Deceased players suspected of having had CTE:
Included in the list are players diagnosed with amyotrophic lateral sclerosis (ALS) who were never tested post-mortem for CTE but whose history appears consistent with CTE.
Diagnosis of ALS has primarily been based on the presenting signs and symptoms a physician observes in the patient, and a series of tests to rule out other diseases. There is no single test or exam to detect ALS. Much of the diagnostic process is designed to rule out ALS by identifying other problems that could be causing symptoms rather than directly diagnosing ALS itself.
Preceding the discovery of CTE, many cases were diagnosed as ALS. Testing of ex-NFL players for the disease began only after Mike Webster’s brain tissue was analyzed in 2002. Testing for CTE slowly became common practice.
The National Football League has studied CTE in NFL players since 2002, with a cohort mortality study conducted by the National Institute of Occupational Safety and Health (NIOSH) on players from 1959 thru 1988 who played at least five full seasons.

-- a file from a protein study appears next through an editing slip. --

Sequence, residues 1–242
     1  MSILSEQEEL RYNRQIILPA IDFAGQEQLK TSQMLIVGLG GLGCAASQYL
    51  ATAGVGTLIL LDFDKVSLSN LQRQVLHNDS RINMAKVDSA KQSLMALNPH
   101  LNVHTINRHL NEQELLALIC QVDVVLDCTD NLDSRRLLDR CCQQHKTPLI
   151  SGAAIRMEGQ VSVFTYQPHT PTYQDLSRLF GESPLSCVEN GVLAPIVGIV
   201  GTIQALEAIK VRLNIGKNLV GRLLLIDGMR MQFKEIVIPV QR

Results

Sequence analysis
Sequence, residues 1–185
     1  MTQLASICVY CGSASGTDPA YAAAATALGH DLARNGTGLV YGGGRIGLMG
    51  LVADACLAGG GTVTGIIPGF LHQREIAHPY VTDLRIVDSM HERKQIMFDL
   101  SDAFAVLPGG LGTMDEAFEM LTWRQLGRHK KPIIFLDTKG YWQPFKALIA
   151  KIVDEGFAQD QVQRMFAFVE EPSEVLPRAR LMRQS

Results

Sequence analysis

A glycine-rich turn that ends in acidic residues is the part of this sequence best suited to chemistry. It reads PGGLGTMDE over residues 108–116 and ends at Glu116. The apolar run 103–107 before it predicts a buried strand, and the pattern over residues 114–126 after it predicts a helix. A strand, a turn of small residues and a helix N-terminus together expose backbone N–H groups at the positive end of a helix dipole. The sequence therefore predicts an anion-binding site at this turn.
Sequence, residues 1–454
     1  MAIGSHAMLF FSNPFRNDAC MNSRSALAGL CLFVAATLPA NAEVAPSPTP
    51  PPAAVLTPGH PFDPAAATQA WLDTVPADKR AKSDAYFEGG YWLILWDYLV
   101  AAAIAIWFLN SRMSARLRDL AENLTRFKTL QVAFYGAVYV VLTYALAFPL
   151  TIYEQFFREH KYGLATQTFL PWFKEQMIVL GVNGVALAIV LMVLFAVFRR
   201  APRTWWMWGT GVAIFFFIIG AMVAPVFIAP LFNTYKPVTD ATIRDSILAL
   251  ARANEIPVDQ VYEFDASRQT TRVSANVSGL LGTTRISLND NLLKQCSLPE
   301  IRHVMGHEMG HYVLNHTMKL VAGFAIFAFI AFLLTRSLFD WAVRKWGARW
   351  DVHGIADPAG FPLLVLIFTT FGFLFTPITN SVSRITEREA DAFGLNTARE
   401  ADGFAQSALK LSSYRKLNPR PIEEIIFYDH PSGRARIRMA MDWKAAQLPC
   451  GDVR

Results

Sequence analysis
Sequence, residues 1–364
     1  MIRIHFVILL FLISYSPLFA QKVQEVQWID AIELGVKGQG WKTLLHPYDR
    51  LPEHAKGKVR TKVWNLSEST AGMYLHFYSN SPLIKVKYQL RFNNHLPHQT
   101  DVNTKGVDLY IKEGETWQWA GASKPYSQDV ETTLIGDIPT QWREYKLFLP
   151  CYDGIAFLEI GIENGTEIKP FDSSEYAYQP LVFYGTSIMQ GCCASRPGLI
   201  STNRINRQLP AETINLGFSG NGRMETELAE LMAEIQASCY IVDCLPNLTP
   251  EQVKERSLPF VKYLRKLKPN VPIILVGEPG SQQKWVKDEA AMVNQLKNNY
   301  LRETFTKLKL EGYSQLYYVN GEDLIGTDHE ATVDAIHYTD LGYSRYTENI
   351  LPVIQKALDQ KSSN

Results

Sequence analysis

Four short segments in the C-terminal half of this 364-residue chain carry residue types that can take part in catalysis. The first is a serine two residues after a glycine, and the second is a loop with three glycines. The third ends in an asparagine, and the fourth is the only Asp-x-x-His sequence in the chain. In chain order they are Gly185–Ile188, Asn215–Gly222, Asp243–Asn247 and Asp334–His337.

Findings showed that while NFL players lived longer than average American males, the risk of death associated with neurodegenerative disorders was about three times higher among the NFL cohort. Also noted was the risk for death from Alzheimer’s disease and ALS were about four times higher among the NFL cohort.
Some on this list may have had dementia not related to ALS or CTE:
- Curtis Brown
- Gene Hickerson
- Lawrence Phillips
- Jim Ringo
- Steve Smith
Living former players diagnosed with CTE or ALS or reporting symptoms consistent with CTE or ALS:
The players listed below have publicly acknowledged having been diagnosed with likely CTE or having experienced symptoms, such as dementia or unusual memory loss, consistent with CTE. In some cases, the player has received a diagnosis of ALS whose symptoms are consistent with CTE.
Over two dozen former players who were diagnosed as part of a UCLA study but have not come forward publicly. Additionally, over 4,500 former players joined a class action lawsuit against the NFL, alleging that it had covered up a growing body of medical evidence about the preponderance of head-trauma related CTE in ex-NFL players.
Some of these ex-players may have medical conditions other than CTE or ALS. For example, ex-players that have presented with symptoms late in life may have other forms of age-related dementia. Some of the former players on this list came forward only in the context of the class action lawsuit versus the NFL. At present, there is no definitive CTE test available for living persons. Their average age is 51.